Monaldi Archives for Chest Disease = Archivio Monaldi Per Le Malattie Del Torace / Fondazione Clinica Del Lavoro, IRCCS [and] Istituto Di Clinica Tisiologica E Malattie Apparato Respiratorio, Università Di Napoli, Secondo Ateneo. Dec, 2006  |  Pubmed ID: 17312842

Chronic peripheral arterial disease represents a frequent and underestimated localization of atherosclerosis and its management often appears to be inadequate. The association with ischemic heart disease, the weighty prevalence of coronary disease risk factors, the high cardiovascular rate of morbidity and mortality, the sharp reduction in the tenor of life and the well-being supervised physical training efficacy constitute the main reasons that transform Cardiac Rehabilitation into an ideal setting for the treatment of patients suffering from intermittent claudication. Thanks to the cultural patrimony of cardiologists, together with other professionals, such as psychologists, dietitians, physiotherapists and nurses, it is possible to initiate an multi-comprehensive treatment program. Besides, this type of management may decrease both morbidity and mortality as well as reduce symptoms and improve the patients' quality of life.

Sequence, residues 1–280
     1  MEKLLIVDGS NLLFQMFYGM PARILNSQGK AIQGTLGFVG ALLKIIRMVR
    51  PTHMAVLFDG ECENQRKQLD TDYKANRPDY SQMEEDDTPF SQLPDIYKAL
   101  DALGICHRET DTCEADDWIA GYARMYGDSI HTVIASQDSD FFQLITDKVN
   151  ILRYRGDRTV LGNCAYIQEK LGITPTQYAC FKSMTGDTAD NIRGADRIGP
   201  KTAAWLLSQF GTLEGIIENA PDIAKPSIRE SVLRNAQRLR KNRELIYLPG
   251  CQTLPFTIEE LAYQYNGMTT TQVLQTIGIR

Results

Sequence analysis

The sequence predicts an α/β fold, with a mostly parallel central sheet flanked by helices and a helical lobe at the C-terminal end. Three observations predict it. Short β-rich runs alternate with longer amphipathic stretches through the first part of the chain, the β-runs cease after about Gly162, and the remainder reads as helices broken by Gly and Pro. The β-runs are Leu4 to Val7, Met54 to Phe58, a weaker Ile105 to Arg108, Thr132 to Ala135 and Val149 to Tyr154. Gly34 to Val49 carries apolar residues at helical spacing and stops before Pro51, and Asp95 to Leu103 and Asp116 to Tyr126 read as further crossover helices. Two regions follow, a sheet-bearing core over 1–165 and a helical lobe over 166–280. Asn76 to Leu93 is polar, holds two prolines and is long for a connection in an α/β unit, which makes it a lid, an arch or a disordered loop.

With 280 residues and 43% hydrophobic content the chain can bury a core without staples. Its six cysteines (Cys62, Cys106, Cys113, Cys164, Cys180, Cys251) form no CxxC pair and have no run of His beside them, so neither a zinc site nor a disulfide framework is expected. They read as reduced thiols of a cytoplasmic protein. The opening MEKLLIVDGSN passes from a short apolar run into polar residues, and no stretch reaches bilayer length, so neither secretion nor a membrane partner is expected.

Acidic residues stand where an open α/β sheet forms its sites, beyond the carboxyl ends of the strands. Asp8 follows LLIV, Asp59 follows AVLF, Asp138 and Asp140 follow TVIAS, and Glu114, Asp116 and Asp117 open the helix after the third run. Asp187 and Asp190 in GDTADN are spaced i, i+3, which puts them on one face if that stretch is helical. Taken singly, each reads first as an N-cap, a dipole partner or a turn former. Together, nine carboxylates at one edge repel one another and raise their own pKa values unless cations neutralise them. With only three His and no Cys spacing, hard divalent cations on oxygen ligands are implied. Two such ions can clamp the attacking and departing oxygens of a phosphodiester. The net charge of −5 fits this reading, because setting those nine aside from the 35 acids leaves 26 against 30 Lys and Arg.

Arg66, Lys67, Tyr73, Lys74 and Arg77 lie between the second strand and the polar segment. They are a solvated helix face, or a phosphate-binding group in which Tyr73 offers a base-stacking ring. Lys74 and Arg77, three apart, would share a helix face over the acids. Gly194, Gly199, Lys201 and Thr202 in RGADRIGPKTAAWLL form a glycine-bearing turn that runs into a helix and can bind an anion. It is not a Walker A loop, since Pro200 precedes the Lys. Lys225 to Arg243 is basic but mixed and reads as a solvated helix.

Physical-chemistry-based Analysis of Affymetrix Microarray Data

The Journal of Physical Chemistry. B. Nov, 2006  |  Pubmed ID: 17092029

We analyze publicly available data on Affymetrix microarray spike-in experiments on the human HGU133 chipset in which sequences are added in solution at known concentrations. The spike-in set contains sequences of bacterial, human, and artificial origin. Our analysis is based on a recently introduced molecular-based model (Carlon, E.; Heim, T. Physica A 2006, 362, 433) that takes into account both probe-target hybridization and target-target partial hybridization in solution. The hybridization free energies are obtained from the nearest-neighbor model with experimentally determined parameters. The molecular-based model suggests a rescaling that should result in a "collapse" of the data at different concentrations into a single universal curve. We indeed find such a collapse, with the same parameters as obtained previously for the older HGU95 chip set. The quality of the collapse varies according to the probe set considered. Artificial sequences, chosen by Affymetrix to be as different as possible from any other human genome sequence, generally show a much better collapse and thus a better agreement with the model than all other sequences. This suggests that the observed deviations from the predicted collapse are related to the choice of probes or have a biological origin rather than being a problem with the proposed model.